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Camera for shooting and riding, and stopping and shooting

Old 06-15-21, 09:02 AM
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Originally Posted by indyfabz View Post
Reminds me of a thread that devolved into an argument over the safety or taking photos while actually riding.
"hold my beer" I'm remembering a fall, on an MTB, riding 1 handed while taking a vid. hit a mudhole which stopped the front wheel dead in it's tracks & over I went. got a cpl nice frames of my helmet in the bushes
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Old 06-15-21, 09:04 AM
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Originally Posted by Cpn_Dunsel View Post
There is such a glut of cliche bike photography bombarding us on every social media site it has become a mundane and banal pursuit to which even Andy Warhol has grown fatigued.
I think he missed a lot since '87
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Old 06-15-21, 09:07 AM
  #28  
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Originally Posted by Cpn_Dunsel View Post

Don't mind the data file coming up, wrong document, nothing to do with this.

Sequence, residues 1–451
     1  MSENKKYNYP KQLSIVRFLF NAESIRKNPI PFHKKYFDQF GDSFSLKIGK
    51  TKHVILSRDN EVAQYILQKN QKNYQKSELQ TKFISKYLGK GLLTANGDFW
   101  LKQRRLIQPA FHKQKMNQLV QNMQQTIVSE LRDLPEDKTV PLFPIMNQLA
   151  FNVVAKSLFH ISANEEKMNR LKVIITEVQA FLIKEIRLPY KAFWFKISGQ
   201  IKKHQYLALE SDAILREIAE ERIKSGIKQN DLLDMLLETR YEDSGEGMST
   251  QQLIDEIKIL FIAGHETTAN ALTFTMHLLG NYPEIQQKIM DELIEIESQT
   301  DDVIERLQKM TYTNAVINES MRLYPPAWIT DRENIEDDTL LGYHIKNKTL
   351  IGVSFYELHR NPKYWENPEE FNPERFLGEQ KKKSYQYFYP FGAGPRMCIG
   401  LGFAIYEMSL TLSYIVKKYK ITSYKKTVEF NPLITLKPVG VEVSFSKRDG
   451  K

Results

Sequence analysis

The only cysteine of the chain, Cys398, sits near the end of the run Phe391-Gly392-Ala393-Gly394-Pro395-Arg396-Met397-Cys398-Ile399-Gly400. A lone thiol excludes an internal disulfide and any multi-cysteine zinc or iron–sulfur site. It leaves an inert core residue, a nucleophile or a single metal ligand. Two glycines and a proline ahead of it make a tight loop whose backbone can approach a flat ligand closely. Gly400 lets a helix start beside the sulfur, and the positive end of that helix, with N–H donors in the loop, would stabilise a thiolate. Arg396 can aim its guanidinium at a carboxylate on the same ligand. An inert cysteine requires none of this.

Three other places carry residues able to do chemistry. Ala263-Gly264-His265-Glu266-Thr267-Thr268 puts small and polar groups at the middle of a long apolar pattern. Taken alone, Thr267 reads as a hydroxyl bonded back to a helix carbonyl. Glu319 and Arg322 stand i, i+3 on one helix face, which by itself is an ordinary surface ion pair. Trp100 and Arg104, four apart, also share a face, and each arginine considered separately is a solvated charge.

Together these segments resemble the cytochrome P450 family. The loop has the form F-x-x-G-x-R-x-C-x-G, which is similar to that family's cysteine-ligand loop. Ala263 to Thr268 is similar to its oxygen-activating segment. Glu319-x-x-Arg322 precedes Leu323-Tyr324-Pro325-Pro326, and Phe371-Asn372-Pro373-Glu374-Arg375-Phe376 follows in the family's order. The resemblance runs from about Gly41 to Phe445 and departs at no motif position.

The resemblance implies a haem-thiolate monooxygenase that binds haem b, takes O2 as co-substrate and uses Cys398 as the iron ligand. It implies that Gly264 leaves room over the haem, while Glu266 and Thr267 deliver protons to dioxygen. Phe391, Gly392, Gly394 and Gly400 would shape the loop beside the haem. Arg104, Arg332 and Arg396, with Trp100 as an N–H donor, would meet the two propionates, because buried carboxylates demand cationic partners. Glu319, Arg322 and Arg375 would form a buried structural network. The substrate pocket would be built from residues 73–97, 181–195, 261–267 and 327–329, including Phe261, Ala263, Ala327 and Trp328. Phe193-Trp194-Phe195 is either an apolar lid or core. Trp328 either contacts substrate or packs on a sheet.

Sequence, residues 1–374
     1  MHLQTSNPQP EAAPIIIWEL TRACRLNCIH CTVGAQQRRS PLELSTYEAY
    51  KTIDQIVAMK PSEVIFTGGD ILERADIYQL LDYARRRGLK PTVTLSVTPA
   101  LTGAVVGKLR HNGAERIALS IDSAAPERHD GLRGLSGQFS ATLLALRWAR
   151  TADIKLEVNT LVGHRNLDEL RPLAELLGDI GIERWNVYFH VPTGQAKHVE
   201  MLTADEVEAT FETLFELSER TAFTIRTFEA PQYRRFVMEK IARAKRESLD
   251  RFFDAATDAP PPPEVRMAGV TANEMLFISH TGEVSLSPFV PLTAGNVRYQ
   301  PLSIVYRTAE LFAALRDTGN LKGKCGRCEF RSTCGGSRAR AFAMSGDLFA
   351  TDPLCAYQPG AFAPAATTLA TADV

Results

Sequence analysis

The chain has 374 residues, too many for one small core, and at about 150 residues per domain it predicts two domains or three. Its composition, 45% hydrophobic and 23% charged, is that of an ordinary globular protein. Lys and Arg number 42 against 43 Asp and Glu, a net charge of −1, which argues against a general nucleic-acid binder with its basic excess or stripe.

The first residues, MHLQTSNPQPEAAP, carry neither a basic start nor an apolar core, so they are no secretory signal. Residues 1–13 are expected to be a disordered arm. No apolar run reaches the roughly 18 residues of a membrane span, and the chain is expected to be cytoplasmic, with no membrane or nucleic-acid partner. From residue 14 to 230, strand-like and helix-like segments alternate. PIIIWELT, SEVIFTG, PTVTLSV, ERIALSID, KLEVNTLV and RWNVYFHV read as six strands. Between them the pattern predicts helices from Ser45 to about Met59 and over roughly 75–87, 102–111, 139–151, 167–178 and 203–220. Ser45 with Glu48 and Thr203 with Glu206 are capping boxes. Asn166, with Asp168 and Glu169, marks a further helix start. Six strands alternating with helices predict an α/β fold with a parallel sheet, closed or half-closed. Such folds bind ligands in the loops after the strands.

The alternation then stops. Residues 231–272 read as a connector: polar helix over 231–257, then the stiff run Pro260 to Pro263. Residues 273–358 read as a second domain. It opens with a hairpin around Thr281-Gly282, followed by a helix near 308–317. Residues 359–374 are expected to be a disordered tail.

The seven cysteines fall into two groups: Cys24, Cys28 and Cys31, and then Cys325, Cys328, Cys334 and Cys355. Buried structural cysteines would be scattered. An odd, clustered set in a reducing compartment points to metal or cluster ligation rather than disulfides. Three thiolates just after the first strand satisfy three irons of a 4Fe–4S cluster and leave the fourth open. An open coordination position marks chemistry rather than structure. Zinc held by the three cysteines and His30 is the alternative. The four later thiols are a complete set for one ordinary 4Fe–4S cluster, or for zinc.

It tends to take from the riding. The camera needs constant safety procedures and becomes the focal point (pun intended) of the enterprise
+1 I find it liberating to use a sportcam, w/ various mounts or in a pocket. I've adjusted down my photo quality expectations in exchange for immediacy, portability & weather resistance
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Old 06-15-21, 09:09 AM
  #29  
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Taking photos doesn't "take from [sic] the riding" when I am out on tour. In fact, it often adds to the fun. Loved going out looking for, finding and shooting this little bugger.

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Old 06-15-21, 09:10 AM
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Originally Posted by mschwett View Post
No, I ride to ride. But I love to shoot, and document beautiful places... as Phil_gretz notes, I may find the two are a little suboptimal when combined, but we'll see!
& please share! we love seeing riding photos, or photos during rides, etc!
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Old 06-15-21, 09:16 AM
  #31  
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Originally Posted by Cpn_Dunsel View Post
! Warning ! Unpopular Opinion Ahead
...

There is such a glut of cliche bike photography bombarding us on every social media site it has become a mundane and banal pursuit to which even Andy Warhol has grown fatigued.